Now, I don't think anybody in the wine business is surprised by these findings. In fact, this phenomenon plays out regularly in Cincinnati at those quarterly Bacchanalian Society fund-raiser taste-offs. Inexpensive, mass-market, commodity wines tend to take top honors, while interesting, complex and often more expensive wines tend to show poorly.
What's going on here? Are savvy wine marketers conning the rubes into spending more for inferior products?
Of course not. "Average" folks just tend to prefer big, simple, straightforward, sweet flavors. We like Coke, margaritas, Apple Pucker martinis. Snickers bars. McDonald's burgers loaded with sugary sweet ketchup. Cereal with frosting or marshmallows or "Crunch Berries."
Add in the fact that Americans generally don't like to be challenged by what we put in our mouths.
Many actively reinforce this behavior, feeding our kids chicken fingers or mac-n-cheese from moronically universal "kids menus." Few encourage their kids to eat asparagus or Brussels sprouts -- let alone squid or 'gator or frogs legs or skate wings. Instead, we offer them frozen pizza and salty fries, then lament that they're "picky eaters."
We're encouraged to live lives of culinary sameness, and most of us learn to prefer ... culinary sameness. Not so surprising, is it?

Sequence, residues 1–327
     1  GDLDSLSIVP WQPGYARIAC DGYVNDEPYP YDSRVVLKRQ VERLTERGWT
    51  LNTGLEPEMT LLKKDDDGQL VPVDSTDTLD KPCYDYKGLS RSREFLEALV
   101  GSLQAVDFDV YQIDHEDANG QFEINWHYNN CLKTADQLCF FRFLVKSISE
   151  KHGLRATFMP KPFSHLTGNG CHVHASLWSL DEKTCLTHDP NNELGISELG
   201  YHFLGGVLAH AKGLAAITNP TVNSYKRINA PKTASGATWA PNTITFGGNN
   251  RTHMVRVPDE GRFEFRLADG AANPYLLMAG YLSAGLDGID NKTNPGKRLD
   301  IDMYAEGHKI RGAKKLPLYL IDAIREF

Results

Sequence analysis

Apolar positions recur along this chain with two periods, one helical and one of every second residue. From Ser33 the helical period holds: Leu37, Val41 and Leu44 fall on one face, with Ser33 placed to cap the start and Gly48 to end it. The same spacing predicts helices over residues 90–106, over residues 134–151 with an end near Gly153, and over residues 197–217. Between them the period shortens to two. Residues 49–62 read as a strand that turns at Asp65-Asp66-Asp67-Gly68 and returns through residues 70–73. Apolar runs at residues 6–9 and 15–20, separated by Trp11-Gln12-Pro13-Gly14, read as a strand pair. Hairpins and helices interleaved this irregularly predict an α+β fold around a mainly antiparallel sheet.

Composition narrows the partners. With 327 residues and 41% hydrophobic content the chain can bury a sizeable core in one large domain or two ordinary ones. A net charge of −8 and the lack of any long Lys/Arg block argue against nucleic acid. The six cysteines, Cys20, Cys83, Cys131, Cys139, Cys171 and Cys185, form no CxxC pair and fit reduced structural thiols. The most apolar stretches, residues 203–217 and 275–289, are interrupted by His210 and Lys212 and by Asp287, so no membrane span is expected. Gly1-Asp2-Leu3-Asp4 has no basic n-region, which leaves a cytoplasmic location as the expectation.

Why, then, should we expect "average" consumers (at an appropriate age, of course) to prefer dry, balanced, subtly complex wines -- the kind that generally cost more -- over some god-awful pink plonk that tastes like Kool-Aid with a kick? Over time, of course, some will start drinking fruity, alco-bomb Aussie Shiraz and Spanish reds loaded down with American oak. And some might even learn to appreciate overpriced, name-brand Pinot Grigios or Napa Cabs that score well in the wine rags.
And, though they won't be "average" consumers by any definition, a precious few will eventually get it. They'll trust their palates. They'll be adventurous and rely on some passionate local retailers (like Mike Maxwell at Market Wines, 129 W. Elder St., Findlay Market, Over-the-Rhine) or restaurateurs (like Burke Morton, general manager of Lavomatic, 1211 Vine St., Over-the-Rhine) to turn them on to something new.
And those consumers won't give a rat's ass whether the wine in their glass costs $12 or $112. They'll appreciate it because it speaks to them in a new and exciting way, and because it proves that different and satisfying experiences lurk out there on the loneliest store shelves and most godforsaken corners of many wine lists.
So ignore the price. Try something new. Trust your taste. And for god's sake -- eat your Brussels sprouts!
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